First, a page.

The Michigan Engineer News Center

Professor Karthik Duraisamy selected as Miller Faculty Scholar

Michigan Aerospace congratulates Professor Karthik Duraisamy on his selection as a Miller Faculty Scholar.| Short Read

Professor Karthik Duraisamy is confirmed as the third recipient of the prestigious Miller Faculty Scholarship. The award is in support of Duraisamy’s research and teaching in general, though he says that he will use it to expand his research into biomedical applications and that he has recently been in discussion on a UMich-Cambridge (UK) partnership along these lines.

“I have always been proud to be part of our amazing institution and cannot say enough about how much I have enjoyed working with students, faculty, and staff,” says Duraisamy in regard to his reaction to receiving the scholarship.

The non-discipline-specific Miller Faculty Scholarship is an honorary title awarded to a small group of the most accomplished assistant and associate professors in the College of Engineering. Established by alumnus Larry Miller, the recipient receives an endowment over a three-year term.

Joining the Michigan Aerospace faculty in 2013, Professor Duraisamy directs the center for data-driven computational physics and the Air Force Center of Excellence on Rocket  Combustor dynamics. His research focuses on developing computational models to analyze, design and control engineering systems. He intends to use the funds from this award to begin explorations on building better simulation models to understand how humans respond to stimuli, and investigate brain-computer interfaces.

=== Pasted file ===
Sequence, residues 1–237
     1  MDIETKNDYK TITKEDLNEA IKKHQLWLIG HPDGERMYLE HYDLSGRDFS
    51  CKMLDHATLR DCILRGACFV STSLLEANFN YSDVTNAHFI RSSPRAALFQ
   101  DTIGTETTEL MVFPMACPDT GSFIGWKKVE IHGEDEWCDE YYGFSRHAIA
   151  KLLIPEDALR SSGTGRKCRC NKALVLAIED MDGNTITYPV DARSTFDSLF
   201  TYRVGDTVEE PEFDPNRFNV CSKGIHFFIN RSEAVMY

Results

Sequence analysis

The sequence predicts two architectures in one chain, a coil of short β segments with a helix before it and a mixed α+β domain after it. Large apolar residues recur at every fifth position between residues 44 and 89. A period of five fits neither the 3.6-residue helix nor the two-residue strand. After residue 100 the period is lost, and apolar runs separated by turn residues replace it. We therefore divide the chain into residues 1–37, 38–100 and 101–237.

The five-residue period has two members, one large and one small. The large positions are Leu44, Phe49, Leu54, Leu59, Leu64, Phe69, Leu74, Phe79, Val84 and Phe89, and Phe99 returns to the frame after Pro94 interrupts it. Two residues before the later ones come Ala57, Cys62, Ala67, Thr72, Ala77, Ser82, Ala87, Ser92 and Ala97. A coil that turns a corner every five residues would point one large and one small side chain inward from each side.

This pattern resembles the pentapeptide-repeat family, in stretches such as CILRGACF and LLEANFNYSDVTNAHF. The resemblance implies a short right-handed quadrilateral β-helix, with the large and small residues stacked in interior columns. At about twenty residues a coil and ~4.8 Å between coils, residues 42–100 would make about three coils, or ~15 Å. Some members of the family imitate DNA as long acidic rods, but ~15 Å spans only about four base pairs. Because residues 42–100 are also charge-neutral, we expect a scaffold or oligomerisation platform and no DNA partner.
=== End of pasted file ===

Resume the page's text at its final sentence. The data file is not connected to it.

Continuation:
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Kimberly Johnson
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Aerospace Engineering

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The electrons absorb laser light and set up “momentum combs” (the hills) spanning the energy valleys within the material (the red line). When the electrons have an energy allowed by the quantum mechanical structure of the material—and also touch the edge of the valley—they emit light. This is why some teeth of the combs are bright and some are dark. By measuring the emitted light and precisely locating its source, the research mapped out the energy valleys in a 2D crystal of tungsten diselenide. Credit: Markus Borsch, Quantum Science Theory Lab, University of Michigan.

Mapping quantum structures with light to unlock their capabilities

Rather than installing new “2D” semiconductors in devices to see what they can do, this new method puts them through their paces with lasers and light detectors. | Medium Read